High tech industry bodies have welcomed the move to drop a hefty $3500 fee increase in the H1B visa programme, which would also benefit Indian professionals seeking jobs in the US.
Hailing the move, they said the US must retain top talent from around the world to retain America's economic leadership.
The US Senate had approved the Sanders-Grassley Amendment that sought to increase the H1B skilled worker visa fees to $5000 as part of the appropriations dealing with the departments of Labour, Health and Human Services, Education for 2008 but conferees of the Congress dropped the measure as the House version of the Bill did not have the particular provision.
The House and the Senate conferees removed the H1B hike prior to the Bill reaching the White House. The fee hike was intended to provide additional scholarships for US students.
"We are grateful that conferees recognised that the Grassley/Sanders amendment was a tax on America's innovation economy, and was a counterproductive and punitive measure," said Robert Hoffman, Vice President for Government and Public Affairs, Oracle.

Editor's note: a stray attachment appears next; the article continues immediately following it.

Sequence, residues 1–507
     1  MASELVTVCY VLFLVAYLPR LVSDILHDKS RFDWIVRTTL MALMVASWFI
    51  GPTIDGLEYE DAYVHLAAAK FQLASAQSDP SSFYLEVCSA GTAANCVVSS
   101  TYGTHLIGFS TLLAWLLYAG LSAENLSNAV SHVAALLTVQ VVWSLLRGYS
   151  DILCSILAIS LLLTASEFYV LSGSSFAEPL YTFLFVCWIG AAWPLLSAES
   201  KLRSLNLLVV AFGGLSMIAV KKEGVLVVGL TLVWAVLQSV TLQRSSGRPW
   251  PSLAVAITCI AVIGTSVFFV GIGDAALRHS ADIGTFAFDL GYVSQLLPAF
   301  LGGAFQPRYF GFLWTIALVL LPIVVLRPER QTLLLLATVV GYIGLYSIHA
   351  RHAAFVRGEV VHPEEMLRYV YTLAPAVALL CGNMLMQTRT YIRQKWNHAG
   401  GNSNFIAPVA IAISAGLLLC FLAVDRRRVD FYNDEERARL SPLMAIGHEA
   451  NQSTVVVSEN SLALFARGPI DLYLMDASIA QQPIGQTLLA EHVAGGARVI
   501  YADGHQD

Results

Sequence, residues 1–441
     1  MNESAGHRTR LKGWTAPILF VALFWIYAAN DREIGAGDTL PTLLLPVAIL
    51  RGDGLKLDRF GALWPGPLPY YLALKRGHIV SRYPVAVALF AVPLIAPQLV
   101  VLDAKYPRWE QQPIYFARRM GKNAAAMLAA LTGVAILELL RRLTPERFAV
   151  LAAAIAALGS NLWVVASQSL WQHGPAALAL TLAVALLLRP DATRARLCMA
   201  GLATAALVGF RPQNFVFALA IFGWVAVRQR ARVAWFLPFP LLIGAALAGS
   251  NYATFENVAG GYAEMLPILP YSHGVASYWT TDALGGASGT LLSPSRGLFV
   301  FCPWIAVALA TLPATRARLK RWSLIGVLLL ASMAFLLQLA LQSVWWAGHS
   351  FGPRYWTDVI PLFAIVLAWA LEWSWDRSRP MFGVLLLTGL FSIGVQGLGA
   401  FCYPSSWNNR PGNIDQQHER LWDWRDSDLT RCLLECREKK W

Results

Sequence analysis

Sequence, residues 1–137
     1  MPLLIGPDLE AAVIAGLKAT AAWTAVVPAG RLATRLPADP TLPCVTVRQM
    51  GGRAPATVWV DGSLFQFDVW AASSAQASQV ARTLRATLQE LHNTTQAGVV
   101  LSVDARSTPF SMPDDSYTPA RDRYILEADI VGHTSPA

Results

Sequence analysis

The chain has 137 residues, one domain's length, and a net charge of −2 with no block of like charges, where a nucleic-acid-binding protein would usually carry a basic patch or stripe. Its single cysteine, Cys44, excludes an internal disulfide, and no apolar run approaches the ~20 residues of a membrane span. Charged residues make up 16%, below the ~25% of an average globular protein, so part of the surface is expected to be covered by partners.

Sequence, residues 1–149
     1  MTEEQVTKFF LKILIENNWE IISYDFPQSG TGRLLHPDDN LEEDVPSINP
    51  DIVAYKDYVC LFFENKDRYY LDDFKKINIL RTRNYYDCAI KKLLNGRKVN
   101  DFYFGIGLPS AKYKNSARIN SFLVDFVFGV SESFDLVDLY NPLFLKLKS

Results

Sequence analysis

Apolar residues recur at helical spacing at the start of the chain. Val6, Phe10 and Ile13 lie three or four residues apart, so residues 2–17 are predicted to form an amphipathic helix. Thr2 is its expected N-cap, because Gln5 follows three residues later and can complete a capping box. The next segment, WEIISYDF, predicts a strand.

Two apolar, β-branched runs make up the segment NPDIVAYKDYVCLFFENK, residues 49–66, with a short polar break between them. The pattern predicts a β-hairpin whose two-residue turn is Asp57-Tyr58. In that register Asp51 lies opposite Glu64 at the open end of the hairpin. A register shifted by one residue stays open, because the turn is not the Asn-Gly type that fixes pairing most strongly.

Hoffman said in the last eight years US employers have paid more than $1 billion in H-1B visa fees funding more than 40,000 scholarships for US students in math and science, supporting science programmes for 75,000 middle and high school students and training more than 82,000 US workers.
"US companies strongly support the development of US talent, but until native-born scientists and engineers meet the demand, we must be able to attract and retain top talent from around the world," he said.
"Innovation is the key to America's economic leadership, yet we are in danger of falling behind our international competitors," he said in a statement.
President George W Bush, escalating his budget battle with Congress, vetoed a $150 billion plus budgetary spending measure for health and education programmes.